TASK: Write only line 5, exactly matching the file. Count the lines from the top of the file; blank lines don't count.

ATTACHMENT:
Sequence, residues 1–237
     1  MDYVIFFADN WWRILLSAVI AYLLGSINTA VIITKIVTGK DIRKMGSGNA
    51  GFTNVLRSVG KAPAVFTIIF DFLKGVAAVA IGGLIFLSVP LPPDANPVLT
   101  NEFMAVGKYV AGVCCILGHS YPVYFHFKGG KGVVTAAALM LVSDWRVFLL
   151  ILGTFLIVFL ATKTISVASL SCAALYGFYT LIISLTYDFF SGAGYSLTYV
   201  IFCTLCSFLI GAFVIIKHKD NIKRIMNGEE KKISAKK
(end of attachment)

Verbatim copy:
   151  ILGTFLIVFL ATKTISVASL SCAALYGFYT LIISLTYDFF SGAGYSLTYV